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Collection, Preservation and Display of Old Lawn Mowers

No body said it was easy :(

I’m struggling with the very first task on my Suffolk Punch, trying to figure out how the safety switch, clutch cable grabber and spring are assembled. I’ve found a photo on line from a handle assembly for sale on eBay, but it’s not really clear enough to see. If anyone has one and can help, I would be most grateful.

Chris G Wed, 25/09/2019

I think you have quite a later model 43 Punch? It would give people a better idea if you added the exact model and post some pictures of your mower to help you out.

the2ems Wed, 25/09/2019

Thanks for the input Chris G. My model is a 1999 17S. 

I had put it as my signature,but it seems to have vanished :/. 

I already have those attachments. They don’t really show what I want. Thanks anyway. 

the2ems Wed, 25/09/2019

wrispin, thanks for the pics. The second one shows me the position of the little coil spring, which is what I needed. But even in this position, it doesn’t seem to be of any use. The safety switch just swings about loosely. I must be missing something simple. 

wristpin Wed, 25/09/2019

Guess that you've not got the coil spring fitted correctly . It should apply light resistance to being pushed forward to grab the cable before the bar is raised . 

the2ems Sun, 20/10/2019

Hi, I've now got my Suffolk Punch at home, so am able to give it more of my attention, depending on what my other half finds for me to do.

So a quick update. I have sorted the clutch cable grabber/safety switch. As I suspected, it became clearer when reassembled in situ, with cable connected.

Concerning the rear roller not freewheeling. I have removed both drive belts, and can now roll the machine backwards without issue. But when trying to roll forwards, it comes to a stop. But a little manual wiggle on the pulley sets it going again, just for a few inches, then needs another manual wiggle. No force or pressure is required to get it free, so I'm hoping it will be something simple. I assume it's going to entail a bit more disassembly. Better get the camera out.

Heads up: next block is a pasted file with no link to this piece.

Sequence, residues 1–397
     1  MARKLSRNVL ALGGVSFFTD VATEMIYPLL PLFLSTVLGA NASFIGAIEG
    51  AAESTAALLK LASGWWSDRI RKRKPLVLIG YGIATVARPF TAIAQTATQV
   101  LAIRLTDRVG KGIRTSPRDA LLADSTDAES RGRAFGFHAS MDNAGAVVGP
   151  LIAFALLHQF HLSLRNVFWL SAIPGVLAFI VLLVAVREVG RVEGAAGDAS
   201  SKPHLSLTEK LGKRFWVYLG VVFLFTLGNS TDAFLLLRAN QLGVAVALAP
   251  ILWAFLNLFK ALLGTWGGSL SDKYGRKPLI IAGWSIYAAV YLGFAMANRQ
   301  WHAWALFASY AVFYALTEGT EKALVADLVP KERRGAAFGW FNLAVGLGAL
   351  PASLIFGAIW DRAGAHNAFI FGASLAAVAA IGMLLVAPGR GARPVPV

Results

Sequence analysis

wristpin Sun, 20/10/2019

Sounds like a meshing issue between the pinion and the ring gear in the roller. Might just be a worn pinion but more likely either worn pinion or roller bearings. 

wristpin Sun, 20/10/2019

I would be inclined to take the engine off  - just to make the machine easier to handle when it looses rigidity with a side plate removed . From memory, it’s easier to take the RH side off but I struggle to remember the configuration of a ‘99 17s. A couple of images will be a useful reminder.- saves digging out the appropriate book!

hillsider Mon, 21/10/2019

Definitely agree that some photos of the machine would help but from memory If you remove the belt pulley you may then be able to remove the drive pinion from within the side casing without disturbing the roller and then you may be able to see what is happening inside where the roller gear is located before committing to removing the roller assembly.


the2ems Mon, 21/10/2019

Looks like I need a new drive pinion. With this removed, the machine rolls easily forward and backwards, and looking inside, the ring looks ok. But I still have the sound of something rolling about inside, so I may investigate further. 

As an afterthought, what kind of lubrication grease/oil should I use?

wristpin Mon, 21/10/2019

While that is the immediate answer and a new one may appear to solve the problem, consider why it is in that state. It is probable that it has got into that state as a result of wear in either its support bushes or the bushes in the roller where it runs on the dead shaft. The accumulative effect of such wear allows the pinion and roller ring gear to move apart and slowly destroy the pinion teeth. 

Check the roller bearings / bushes for wear. Early machines had plain “plastic”  bearings. Later ones had oilite bronze bushes within plastic carriers ; both were held to the roller with some fairly heavy duty 6 mm pop rivets.